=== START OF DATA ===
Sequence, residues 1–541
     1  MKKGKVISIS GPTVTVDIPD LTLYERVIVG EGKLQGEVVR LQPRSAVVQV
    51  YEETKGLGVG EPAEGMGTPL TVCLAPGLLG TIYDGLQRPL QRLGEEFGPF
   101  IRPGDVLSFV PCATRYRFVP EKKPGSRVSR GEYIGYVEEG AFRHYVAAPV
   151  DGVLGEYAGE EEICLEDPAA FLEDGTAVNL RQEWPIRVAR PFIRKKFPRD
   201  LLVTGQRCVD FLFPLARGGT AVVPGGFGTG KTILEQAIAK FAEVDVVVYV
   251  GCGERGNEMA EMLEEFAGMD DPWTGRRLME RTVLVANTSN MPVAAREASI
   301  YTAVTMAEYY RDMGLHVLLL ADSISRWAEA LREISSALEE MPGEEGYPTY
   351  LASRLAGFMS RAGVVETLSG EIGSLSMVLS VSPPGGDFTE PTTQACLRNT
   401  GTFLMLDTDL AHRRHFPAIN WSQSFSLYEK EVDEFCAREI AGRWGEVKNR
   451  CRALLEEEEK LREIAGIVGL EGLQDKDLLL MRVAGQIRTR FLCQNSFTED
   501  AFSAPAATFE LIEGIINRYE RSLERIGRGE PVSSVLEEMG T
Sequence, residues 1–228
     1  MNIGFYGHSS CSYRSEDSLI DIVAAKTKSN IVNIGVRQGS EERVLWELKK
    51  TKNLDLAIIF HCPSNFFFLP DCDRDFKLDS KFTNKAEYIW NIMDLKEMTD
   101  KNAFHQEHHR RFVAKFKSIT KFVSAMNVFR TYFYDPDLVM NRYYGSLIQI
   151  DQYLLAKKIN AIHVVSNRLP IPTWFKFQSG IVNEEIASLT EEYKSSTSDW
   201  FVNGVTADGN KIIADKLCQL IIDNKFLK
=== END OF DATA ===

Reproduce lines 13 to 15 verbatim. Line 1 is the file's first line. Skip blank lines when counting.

Sequence, residues 1–228
     1  MNIGFYGHSS CSYRSEDSLI DIVAAKTKSN IVNIGVRQGS EERVLWELKK
    51  TKNLDLAIIF HCPSNFFFLP DCDRDFKLDS KFTNKAEYIW NIMDLKEMTD